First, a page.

Let the Wind Rush In

Our house, built in 1928 and shaded by the mature maple trees on our block, stayed nice and cool on Friday, but by yesterday morning, I knew it was time to finish putting the screens in doors and windows. Most of the house has replacement storm windows installed in the early ‘80’s, and I can manage those myself and with Snowman’s help. But the sunroom has original windows with wooden screens you store all winter and big awkward storms that I have trouble lifting. And the screens for the back and front storm doors are a two person job. I asked my husband about doing them earlier in the week, but yesterday we could wait no longer. The house felt warm and still, but outside I could see the branches of the maple tree moving in a strong breeze. It was time to let the wind rush in.

The Spirit of God is moving. Let the wind rush….in.

It really is the time of year I love most in Maine, and this week included my favorite moment of the year, the Lilac Moment, that gorgeous, anticipated and yet always surprising whiff of deep and ancient spring. After I got home on Thursday, I went into the backyard, and the moment had come.

The Spirit of God is moving. Let the wind rush…in.

Fragrance and sunshine and breeze can bring back a moment from the past. Today we both remember the arrival of the Holy Spirit, as told in the book of Acts, and we contemplate the presence of the Holy Spirit among us today. The Holy Spirit is that sense of God’s presence that is sometimes ephemeral and other times nearly palpable, a gentle breeze or a roaring wind.

The Spirit of God is moving. Let the wind rush…in.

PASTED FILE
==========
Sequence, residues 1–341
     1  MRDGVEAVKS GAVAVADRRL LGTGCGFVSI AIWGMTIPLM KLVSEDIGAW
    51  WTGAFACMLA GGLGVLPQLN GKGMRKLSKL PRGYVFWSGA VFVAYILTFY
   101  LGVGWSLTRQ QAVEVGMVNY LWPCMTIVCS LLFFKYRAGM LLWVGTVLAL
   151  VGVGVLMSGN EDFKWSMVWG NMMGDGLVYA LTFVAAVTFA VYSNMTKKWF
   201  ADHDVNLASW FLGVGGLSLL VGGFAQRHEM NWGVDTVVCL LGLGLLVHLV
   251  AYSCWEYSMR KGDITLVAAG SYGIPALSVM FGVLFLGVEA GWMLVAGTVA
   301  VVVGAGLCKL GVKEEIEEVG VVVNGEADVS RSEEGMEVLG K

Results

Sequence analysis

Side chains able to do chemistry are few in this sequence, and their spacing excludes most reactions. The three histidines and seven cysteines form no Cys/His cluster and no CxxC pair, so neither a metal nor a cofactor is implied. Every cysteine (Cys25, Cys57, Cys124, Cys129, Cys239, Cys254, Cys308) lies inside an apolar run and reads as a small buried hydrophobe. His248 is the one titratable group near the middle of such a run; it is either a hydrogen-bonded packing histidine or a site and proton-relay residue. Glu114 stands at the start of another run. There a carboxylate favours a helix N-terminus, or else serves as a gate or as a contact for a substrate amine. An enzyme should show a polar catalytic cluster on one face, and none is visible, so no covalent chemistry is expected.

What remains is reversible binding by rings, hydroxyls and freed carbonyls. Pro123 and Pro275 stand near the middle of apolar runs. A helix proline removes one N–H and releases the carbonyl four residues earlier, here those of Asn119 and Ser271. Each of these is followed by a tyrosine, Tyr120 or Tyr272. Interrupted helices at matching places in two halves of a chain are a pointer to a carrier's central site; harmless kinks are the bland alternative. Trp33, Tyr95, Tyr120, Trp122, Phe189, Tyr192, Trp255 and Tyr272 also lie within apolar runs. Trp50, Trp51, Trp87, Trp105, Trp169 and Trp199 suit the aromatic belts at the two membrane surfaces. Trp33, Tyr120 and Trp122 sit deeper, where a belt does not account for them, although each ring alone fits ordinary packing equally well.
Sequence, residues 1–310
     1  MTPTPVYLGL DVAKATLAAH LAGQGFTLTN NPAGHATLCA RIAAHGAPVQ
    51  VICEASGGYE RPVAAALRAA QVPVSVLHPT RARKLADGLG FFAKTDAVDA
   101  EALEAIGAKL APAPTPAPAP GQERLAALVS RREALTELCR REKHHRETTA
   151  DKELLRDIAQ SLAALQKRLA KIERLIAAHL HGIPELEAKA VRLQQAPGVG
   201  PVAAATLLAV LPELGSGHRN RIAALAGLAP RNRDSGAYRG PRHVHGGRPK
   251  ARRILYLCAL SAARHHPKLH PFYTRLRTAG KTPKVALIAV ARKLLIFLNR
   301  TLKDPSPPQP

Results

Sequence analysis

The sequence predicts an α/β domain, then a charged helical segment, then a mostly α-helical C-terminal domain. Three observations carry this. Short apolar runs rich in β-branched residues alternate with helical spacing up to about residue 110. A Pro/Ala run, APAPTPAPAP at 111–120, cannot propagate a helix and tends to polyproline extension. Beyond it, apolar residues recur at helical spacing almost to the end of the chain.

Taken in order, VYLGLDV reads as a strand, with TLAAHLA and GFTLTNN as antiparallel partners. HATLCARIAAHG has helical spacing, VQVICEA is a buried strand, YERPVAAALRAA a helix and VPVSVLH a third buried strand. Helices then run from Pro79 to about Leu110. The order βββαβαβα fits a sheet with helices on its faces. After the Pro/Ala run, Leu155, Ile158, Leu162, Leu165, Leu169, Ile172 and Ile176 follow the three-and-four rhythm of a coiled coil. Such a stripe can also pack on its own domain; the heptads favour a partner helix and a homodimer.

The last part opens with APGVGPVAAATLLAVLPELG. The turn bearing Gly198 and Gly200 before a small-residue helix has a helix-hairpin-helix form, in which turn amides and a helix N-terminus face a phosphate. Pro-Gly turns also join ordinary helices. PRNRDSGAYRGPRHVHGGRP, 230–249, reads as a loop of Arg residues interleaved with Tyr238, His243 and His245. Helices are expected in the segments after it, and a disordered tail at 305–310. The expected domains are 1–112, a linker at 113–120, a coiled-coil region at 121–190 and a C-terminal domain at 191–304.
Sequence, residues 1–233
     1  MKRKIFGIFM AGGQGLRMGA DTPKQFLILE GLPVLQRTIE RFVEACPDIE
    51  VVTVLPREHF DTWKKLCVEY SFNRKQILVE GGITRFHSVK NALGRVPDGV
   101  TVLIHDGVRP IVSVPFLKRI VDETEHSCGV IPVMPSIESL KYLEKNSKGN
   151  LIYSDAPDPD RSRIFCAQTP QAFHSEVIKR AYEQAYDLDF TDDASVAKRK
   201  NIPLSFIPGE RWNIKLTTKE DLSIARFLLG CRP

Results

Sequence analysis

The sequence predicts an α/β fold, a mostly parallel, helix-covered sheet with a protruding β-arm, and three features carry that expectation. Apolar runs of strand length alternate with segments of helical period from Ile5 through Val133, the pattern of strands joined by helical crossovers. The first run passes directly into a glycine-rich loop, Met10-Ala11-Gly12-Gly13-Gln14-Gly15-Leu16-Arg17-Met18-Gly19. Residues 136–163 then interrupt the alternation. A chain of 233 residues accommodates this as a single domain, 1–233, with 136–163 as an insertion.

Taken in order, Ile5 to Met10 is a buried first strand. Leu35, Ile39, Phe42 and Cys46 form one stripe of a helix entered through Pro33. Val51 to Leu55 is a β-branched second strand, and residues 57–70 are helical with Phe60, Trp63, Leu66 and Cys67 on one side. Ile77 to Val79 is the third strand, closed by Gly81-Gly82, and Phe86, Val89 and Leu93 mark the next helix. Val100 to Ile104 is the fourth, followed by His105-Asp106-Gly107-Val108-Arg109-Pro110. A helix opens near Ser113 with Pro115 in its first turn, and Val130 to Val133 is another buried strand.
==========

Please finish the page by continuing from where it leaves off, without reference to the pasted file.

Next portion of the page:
But before the Spirit came, Jesus had to leave. We heard also this morning Luke’s story of the Ascension of Jesus. In those 50 days after the Resurrection, there must have been times of great joy and bewilderment and anticipation and disappointment. Every time Jesus appeared, there must have been a hope that he would never go away, that somehow all would be set right, that the new heaven had come on earth.

50 days goes by awfully quickly.

I begin looking for the lilacs sometime around mid-April. We have an apple tree that blooms anywhere between mid-April and mid-May, and when my eye catches those first buds of bright pink, I know we’re on the way to lilacs, too. Meanwhile, I’m working and getting children ready for school and walking dogs and checking the calendar for those concerts and school events that pile up in May.

Some years we get rain at the wrong time and the moment passes unnoticeably. I look out into the yard and see the white petals of the apple tree covering the wet ground and realize the hoped-for lilacs have gone by.

“Men of Galilee, why do you stand looking up toward heaven?”

Luke gives us no adjectives. He does not tell us the disciples were heartsick or inconsolable or perplexed or stupefied or joyful or contented. We only know they gazed toward heaven.

Of course, eventually they gathered themselves up. They regrouped. They returned to the Upper Room, and they prayed together, and then they chose a replacement for Judas. And after this re-organizing was complete, something unexpected happened.

The Spirit of God is moving. Let the wind rush…in.

It’s a pair of spooky stories, isn’t it? First Jesus goes into heaven, quite literally ascending according to Luke, and then the Spirit appears in most dramatic fashion, as tongues of flame above the heads of the disciples, in the speech and understanding of all the faithful Jews gathered in Jerusalem to celebrate the harvest festival Shavuot, fifty days after Passover.

There is great excitement and confusion as people realize they can understand one another, these Jews gathered from all over the Ancient World. They had a common religion, but they did not have a common everyday language. How could they comprehend each other’s speech?

Now we hear the adjectives: All were amazed and perplexed!! And no wonder!! It must have been a crazy and chaotic scene. Some people even wondered if the others around them were drunk and imagining things.

Would you stand up and address the crowd at such a time?

Remember, the disciples have been keeping a low profile for 50 days, keeping out of sight of the authorities, hoping to attract no attention. But in the midst of this great furor, Peter speaks up: Peter who had denied Jesus three times, who continually got the wrong message, Peter will be the first disciple to speak publicly.